Stellar interactions in dense and sparse star clusters

C. Olczak (1), S. Pfalzner (1) & A. Eckart (1,2)

(1) I. Physikalisches Institut, Universität zu Köln, Zülpicher Str.77, 50937 Köln, Germany
(2) Max-Planck-Institut für Radioastronomie, Auf dem Hügel 69, 53121 Bonn, Germany

Paper: A&A, Nov 2009, accepted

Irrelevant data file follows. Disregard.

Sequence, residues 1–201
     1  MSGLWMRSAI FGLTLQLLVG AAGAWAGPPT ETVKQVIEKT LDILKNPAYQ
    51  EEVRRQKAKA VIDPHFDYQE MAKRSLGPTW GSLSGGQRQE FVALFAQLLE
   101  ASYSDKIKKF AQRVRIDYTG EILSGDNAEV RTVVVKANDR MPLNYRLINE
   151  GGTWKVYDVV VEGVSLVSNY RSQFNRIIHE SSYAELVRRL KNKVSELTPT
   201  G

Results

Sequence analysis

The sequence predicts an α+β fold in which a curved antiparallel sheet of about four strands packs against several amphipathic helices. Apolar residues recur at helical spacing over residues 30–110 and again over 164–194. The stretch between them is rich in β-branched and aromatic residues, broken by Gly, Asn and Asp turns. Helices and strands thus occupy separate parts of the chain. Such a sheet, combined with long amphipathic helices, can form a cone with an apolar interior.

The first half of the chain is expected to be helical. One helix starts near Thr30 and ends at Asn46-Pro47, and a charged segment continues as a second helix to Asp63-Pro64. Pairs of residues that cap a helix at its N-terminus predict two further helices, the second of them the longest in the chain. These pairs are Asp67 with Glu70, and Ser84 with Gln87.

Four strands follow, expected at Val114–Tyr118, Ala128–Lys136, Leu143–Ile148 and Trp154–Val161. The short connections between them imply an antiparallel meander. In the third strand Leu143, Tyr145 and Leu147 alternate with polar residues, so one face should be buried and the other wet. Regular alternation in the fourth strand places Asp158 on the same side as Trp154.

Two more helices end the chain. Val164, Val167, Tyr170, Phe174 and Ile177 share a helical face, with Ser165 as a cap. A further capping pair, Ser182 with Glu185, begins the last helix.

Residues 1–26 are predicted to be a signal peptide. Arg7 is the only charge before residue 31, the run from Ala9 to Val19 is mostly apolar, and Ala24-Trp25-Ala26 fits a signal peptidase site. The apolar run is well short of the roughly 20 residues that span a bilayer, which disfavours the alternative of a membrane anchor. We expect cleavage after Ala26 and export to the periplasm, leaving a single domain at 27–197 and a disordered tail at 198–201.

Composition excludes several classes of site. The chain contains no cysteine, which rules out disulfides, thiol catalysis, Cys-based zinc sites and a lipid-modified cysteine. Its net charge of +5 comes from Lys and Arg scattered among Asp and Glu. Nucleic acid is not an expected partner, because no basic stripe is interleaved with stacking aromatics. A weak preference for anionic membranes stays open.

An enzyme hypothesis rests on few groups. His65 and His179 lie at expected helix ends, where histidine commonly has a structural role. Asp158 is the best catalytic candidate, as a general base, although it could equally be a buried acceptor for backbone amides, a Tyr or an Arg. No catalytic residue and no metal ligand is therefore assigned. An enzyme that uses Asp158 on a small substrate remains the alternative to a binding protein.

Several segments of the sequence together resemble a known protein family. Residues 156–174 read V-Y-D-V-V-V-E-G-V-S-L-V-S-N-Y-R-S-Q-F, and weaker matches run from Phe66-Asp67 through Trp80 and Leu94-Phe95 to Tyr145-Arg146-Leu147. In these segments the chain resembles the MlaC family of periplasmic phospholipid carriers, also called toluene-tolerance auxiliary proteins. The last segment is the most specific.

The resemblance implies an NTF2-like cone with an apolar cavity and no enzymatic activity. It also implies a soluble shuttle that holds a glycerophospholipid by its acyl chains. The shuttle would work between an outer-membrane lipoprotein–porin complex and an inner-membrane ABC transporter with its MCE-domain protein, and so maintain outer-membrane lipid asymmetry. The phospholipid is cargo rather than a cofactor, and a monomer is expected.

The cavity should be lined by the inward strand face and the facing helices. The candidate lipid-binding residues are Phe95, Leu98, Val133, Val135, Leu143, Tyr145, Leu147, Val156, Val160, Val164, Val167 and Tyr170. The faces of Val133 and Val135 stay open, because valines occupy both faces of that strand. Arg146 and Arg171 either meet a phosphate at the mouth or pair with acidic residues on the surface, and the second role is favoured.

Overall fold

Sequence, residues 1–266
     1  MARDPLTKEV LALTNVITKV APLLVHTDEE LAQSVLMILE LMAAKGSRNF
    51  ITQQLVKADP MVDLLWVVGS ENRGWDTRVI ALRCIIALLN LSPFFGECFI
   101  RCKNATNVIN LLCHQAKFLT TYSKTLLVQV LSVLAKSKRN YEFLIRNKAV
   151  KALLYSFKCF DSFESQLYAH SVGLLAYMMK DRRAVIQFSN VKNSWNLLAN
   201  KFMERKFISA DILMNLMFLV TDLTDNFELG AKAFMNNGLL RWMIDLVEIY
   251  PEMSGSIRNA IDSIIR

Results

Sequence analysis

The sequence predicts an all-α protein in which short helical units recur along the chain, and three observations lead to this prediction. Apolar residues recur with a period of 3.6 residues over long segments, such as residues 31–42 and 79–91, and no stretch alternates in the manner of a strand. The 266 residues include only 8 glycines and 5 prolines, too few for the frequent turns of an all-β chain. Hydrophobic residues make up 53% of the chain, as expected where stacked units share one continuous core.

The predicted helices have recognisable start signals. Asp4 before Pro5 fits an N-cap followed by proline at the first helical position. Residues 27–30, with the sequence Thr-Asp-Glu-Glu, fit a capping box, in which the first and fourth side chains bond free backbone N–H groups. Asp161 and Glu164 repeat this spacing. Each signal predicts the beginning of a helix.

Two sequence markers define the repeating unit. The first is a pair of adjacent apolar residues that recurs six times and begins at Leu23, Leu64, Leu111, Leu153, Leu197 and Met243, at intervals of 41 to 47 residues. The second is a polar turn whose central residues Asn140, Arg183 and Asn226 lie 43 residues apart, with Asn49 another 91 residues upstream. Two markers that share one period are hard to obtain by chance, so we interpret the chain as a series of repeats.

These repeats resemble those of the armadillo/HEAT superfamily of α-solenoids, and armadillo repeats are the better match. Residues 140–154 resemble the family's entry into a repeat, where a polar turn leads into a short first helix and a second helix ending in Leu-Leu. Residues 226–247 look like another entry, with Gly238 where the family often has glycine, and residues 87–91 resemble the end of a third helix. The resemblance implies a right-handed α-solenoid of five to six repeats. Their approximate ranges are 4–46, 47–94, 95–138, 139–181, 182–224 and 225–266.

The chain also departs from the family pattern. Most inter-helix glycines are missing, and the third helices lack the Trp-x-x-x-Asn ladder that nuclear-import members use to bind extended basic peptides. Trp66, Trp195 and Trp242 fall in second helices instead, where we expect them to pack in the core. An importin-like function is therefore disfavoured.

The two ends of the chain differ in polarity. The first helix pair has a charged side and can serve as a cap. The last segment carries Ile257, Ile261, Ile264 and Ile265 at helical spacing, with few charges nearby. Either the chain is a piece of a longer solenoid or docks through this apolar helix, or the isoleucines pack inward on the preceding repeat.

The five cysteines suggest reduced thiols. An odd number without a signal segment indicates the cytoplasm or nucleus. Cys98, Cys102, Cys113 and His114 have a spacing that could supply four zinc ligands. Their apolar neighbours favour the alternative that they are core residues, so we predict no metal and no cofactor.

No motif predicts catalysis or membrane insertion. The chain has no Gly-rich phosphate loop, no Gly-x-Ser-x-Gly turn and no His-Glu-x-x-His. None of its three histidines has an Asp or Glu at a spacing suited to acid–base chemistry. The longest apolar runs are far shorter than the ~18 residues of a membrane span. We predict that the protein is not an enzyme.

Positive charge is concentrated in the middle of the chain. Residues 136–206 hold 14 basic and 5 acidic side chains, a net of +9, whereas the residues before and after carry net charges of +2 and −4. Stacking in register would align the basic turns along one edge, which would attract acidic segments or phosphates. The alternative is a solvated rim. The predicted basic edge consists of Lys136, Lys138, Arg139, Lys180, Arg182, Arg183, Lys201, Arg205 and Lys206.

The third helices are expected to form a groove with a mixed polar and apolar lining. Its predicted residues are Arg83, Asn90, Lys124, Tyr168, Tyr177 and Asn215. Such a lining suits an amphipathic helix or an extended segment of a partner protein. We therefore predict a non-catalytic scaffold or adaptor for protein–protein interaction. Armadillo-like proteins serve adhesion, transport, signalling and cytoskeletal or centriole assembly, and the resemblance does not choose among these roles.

Stellar encounters potentially affect the evolution of the protoplanetary discs in the Orion Nebula Cluster (ONC). However, the role of encounters in other cluster environments is less known. We investigate the effect of the encounter-induced disc-mass loss in different cluster environments. Starting from an ONC-like cluster we vary the cluster size and density to determine the correlation of collision time scale and disc-mass loss. We use the nbody6++ code to model the dynamics of these clusters and analyze the disc-mass loss due to encounters. We find that the encounter rate depends strongly on the cluster density but remains rather unaffected by the size of the stellar population. This dependency translates directly into the effect on the encounter-induced disc-mass loss. The essential outcome of the simulations are: i) Even in clusters four times sparser than the ONC the effect of encounters is still apparent. ii) The density of the ONC itself marks a threshold: in less dense and less massive clusters it is the massive stars that dominate the encounter-induced disc-mass loss whereas in denser and more massive clusters the low-mass stars play the major role for the disc mass removal. It seems that in the central regions of young dense star clusters - the common sites of star formation - stellar encounters do affect the evolution of the protoplanetary discs. With higher cluster density low-mass stars become more heavily involved in this process. This finding allows for the extrapolation towards extreme stellar systems: in case of the Arches cluster one would expect stellar encounters to destroy the discs of most of the low- and high-mass stars in several hundred thousand years, whereas intermediate mass stars are able to retain to some extant their discs even under these harsh environmental conditions.

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